The NFL told teams Thursday that postponed games due to coronavirus outbreaks among unvaccinated players or staffers will not be rescheduled this coming season and teams responsible for delays will automatically forfeit, according to NFL Network.
Why it matters: The league hasn't mandated vaccines for players, but this rule incentivizes teams to pressure unvaccinated players to get inoculated.
The Biden administration on Thursday imposed new sanctions against Cuban officials and entities allegedly responsible for human rights abuses during the government's crackdown on island-wide protests earlier this month.
Why it matters: The sanctions are Biden's first significant policy response to the crackdown by authorities during unrest in Cuba over widespread food and medicine shortages. The announcement came amid calls from Congress and Cuban Americans to increase pressure on the Communist government in support of the protesters.
“Call of Duty” and “World of Warcraft” maker Activision Blizzard is accused of fostering a “pervasive frat boy workplace culture,” that subjects women to harassment, abuse and lower pay, according to a lawsuit filed earlier this week by the state of California.
Why it matters: Activision Blizzard is one of the biggest gaming companies in the world and must now answer a litany of allegations.
The House on Thursday voted to expand a visa program that would allow more Afghans who helped the U.S. military quickly immigrate to the United States, the New York Times reports.
Why it matters: Last month, the Biden administration made plans to evacuate many of the Afghans who worked with the U.S. military before completing the troop withdrawal from Afghanistan. These individuals and their families face threats of retaliation from the Taliban because of their service to the U.S. military.
House Speaker Nancy Pelosi said Thursday that her decision not to allow Reps. Jim Jordan (R-Ohio) and Jim Banks (R-Ind.) to serve on the Jan. 6 select committee was not driven by their votes against certifying the 2020 election, but by statements they've made that "make it impossible for them to exercise judgment."
Why it matters: Pelosi's move to reject two of the five appointments offered by House Minority Leader Kevin McCarthy has set off intense backlash among Republicans, prompting McCarthy to pull all five off the committee and threaten to pursue his own investigation.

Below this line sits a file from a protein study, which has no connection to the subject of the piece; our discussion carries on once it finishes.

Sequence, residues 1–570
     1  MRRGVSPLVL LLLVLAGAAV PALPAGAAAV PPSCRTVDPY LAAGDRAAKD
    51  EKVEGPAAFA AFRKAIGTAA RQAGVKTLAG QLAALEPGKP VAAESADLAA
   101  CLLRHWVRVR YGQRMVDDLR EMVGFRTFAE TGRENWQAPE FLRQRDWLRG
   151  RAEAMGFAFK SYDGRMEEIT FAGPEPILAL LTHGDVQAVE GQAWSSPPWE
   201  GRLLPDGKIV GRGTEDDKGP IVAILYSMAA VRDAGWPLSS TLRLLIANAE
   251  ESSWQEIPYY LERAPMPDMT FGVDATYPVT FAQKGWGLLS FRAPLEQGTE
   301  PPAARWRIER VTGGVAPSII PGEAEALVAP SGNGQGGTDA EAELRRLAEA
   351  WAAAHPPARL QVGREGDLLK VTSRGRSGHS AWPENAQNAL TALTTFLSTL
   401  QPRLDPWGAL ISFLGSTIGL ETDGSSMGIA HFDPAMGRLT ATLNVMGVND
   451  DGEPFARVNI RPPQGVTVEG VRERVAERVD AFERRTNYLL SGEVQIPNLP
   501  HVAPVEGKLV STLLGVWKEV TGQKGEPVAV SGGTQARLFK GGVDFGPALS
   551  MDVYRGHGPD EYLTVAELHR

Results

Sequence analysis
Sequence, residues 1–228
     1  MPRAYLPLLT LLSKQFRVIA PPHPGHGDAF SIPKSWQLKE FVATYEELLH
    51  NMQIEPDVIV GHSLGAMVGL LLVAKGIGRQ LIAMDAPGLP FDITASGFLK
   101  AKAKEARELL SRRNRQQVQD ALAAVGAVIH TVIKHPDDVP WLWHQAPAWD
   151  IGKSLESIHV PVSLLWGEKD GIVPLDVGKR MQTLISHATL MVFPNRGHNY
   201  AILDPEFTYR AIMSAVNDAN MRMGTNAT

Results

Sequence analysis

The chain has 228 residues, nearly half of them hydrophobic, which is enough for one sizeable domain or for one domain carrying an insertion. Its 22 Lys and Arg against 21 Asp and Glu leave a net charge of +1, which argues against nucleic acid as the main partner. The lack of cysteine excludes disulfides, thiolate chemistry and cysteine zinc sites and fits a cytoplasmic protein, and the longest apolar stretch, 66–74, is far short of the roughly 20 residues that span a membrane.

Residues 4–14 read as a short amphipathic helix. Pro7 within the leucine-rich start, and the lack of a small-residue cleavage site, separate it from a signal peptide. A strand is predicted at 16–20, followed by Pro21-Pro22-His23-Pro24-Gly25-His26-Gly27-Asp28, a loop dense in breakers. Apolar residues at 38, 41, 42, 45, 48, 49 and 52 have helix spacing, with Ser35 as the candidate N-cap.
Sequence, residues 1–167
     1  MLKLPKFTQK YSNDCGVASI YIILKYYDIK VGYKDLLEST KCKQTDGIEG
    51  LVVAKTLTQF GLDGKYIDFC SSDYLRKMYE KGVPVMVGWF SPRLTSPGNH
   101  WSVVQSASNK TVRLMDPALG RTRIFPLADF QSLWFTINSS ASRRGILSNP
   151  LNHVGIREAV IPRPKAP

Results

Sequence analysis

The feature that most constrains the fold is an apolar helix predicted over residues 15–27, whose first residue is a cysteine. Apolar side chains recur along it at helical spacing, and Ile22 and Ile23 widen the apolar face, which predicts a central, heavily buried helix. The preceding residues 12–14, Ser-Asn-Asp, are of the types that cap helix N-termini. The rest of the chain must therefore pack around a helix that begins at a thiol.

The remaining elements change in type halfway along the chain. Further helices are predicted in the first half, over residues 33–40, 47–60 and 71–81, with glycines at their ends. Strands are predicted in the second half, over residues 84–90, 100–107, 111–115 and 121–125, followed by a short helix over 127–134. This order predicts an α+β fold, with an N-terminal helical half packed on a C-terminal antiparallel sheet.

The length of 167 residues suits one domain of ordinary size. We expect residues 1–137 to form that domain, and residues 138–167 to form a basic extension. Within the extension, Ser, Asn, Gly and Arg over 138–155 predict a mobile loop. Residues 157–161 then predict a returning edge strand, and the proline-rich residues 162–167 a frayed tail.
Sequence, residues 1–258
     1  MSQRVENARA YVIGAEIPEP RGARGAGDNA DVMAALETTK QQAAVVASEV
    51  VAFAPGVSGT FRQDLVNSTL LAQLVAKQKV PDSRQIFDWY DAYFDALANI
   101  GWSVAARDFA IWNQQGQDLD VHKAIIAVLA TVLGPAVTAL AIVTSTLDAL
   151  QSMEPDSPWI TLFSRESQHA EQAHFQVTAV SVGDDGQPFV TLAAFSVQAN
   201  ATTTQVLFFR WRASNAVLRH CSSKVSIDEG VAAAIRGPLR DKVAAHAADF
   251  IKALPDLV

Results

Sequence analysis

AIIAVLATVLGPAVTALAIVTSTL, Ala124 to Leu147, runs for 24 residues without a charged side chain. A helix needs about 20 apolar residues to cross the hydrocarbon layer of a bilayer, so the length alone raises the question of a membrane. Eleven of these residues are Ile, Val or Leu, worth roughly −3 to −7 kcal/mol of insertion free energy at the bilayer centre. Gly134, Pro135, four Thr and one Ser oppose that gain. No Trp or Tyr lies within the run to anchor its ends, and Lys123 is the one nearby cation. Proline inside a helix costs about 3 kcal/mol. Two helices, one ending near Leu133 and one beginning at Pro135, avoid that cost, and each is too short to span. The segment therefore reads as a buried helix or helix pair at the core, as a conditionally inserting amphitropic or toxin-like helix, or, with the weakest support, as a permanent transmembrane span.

Israeli cybersecurity company NSO Group has become a pernicious version of Steve Urkel, never acknowledging the calamity that its software seems to cause. Unlike the old TGIF character, however, NSO's consequences are very real and enabled by private equity.
Driving the news: An international journalistic consortium, in partnership with Amnesty International, this week reported that a piece of NSO software, called Pegasus, was used by used by governments to spy on journalists, lawyers, human rights activists and world leaders.
Shohei Ohtani is an MVP candidate on the field, and his new exclusive memorabilia deal with Fanatics reflects his exploding off-field value.
By the numbers: Ohtani's $6 million in annual endorsements is already tops in MLB, per Forbes, thanks to his two-way stardom and popularity in two of the world's biggest markets.
Supermarkets and wholesalers in the U.K. are beginning to face shortages after the government's official health app told hundreds of thousands of workers to self-isolate after contact with someone with COVID-19, Reuters reports.
Why it matters: The "pingdemic" disruptions pose a new challenge to the highly vaccinated U.K., which is reporting more than 50,000 new COVID-19 cases per day as the Delta variant tears through the country.
Central bank digital currency (CBDC) is probably not top of mind for most global consumers. But we may soon have no choice but to think about it — since 81 countries, representing over 90% of global GDP, are now exploring the development of one.